“THE BEST CONTEMPORARY ACCOUNT OF THE REVOLUTION FROM THE BRITISH SIDE”: STEDMAN’S HISTORY OF THE AMERICAN WAR, WITH 15 LARGE MAPS (11 FOLDING) OF “GREAT INTEREST AND VALUE”

  • History of the Origin, Progress, and Termination of the American War.
  • History of the Origin, Progress, and Termination of the American War.
  • History of the Origin, Progress, and Termination of the American War.
  • History of the Origin, Progress, and Termination of the American War.
  • History of the Origin, Progress, and Termination of the American War.
  • History of the Origin, Progress, and Termination of the American War.

History of the Origin, Progress, and Termination of the American War.

$15,000.00

Item Number: 99225

London: Printed for the Author and Sold by J. Murray, et al, 1794.

First edition, wide-margined copy, of Stedman’s massive contemporary two-volume History of the American Revolution— “the standard work on the subject” —containing 15 military maps and plans (11 folding, the largest nearly 20 by 30 inches). Two volumes, handsomely bound in contemporary calf, green morocco labels, half-titles to both volumes. In very good condition, rebacked laying down the original backstrips. Rare and desirable with the half-title pages.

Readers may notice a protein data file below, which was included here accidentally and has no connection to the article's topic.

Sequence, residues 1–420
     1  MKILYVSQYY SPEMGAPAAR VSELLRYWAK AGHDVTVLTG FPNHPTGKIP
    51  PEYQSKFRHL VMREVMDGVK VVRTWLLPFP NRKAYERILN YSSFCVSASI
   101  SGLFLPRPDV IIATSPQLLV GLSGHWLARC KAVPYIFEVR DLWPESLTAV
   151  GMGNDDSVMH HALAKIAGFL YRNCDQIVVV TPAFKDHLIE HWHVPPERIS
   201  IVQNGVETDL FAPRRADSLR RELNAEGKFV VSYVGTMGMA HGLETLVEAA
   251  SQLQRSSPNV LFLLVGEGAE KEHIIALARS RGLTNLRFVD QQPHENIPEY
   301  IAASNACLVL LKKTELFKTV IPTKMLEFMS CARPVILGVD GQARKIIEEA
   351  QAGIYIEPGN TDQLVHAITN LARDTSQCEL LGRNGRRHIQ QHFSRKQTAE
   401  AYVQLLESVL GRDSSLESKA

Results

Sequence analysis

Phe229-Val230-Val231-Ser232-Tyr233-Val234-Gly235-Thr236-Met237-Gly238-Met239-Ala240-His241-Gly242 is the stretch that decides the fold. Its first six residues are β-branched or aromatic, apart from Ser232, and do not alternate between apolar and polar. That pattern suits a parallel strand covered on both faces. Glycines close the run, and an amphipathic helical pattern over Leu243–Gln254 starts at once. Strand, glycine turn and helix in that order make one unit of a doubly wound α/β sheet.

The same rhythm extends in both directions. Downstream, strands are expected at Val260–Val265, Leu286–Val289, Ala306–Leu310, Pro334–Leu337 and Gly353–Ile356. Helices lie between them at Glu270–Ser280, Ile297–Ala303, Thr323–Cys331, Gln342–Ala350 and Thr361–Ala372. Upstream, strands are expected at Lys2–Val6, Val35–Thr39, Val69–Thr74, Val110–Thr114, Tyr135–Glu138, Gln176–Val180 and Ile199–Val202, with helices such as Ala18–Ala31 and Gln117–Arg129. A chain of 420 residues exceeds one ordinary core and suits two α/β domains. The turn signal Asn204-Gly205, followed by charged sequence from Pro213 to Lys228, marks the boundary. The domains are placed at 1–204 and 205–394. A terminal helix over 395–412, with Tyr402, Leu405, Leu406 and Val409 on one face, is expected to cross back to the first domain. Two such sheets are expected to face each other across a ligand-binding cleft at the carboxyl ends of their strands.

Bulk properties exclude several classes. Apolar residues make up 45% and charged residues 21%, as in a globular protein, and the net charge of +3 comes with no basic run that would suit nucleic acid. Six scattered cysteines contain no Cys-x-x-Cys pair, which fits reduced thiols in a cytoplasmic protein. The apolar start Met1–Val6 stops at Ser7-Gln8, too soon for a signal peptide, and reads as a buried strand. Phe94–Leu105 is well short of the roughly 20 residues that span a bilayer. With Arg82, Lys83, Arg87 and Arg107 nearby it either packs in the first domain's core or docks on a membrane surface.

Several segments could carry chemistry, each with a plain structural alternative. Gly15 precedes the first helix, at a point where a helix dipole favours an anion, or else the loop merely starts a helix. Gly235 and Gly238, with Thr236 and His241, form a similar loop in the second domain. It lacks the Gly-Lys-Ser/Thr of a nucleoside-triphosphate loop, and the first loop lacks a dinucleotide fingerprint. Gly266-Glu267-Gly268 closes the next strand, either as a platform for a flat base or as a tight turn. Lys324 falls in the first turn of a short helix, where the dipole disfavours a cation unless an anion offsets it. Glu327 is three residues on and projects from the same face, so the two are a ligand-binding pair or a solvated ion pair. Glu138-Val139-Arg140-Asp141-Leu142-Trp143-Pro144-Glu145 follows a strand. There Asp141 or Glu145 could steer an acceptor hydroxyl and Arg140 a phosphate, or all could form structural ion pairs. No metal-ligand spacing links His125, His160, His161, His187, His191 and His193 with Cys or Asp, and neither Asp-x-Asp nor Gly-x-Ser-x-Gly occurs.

Philadelphia-born military historian Charles Stedman was a Loyalist who served “with the British at Lexington and Bunker Hill, later became commissary to the army of Sir William Howe, and was with Cornwallis in the South” (New International Encyclopedia 21:485). Taken prisoner by American forces, he was sentenced to be hanged as a rebel but escaped. At war’s end Stedman moved to England where he authored this authoritative two-volume History—“considered the best contemporary account of the Revolution from the British side” (Sabin 91057). As “the standard work on the subject,” Stedman’s History especially benefits from eyewitness accounts of many campaigns (DNB). In addition, “the military maps and surveys in the History are of great interest and value” (Allibone, 2231). Here Stedman argues that Britain’s defeat was largely due to the failure of its politicians and ministers, and “the military genius of Britain was unimpaired; she rose with elastic force under every blow.” Ultimately, he concludes that the American Revolution “came as a surprise to the world… no invading army, in the present enlightened period, can be successful, in a country where the people are tolerably united” (449). These two volumes feature folding strategic plans of the Battle of Bunker Hill, attacks on Forts Clinton and Montgomery, and the Sieges of Charleston, Savannah and Yorktown, along with maps of Long Island and the Catawba River.

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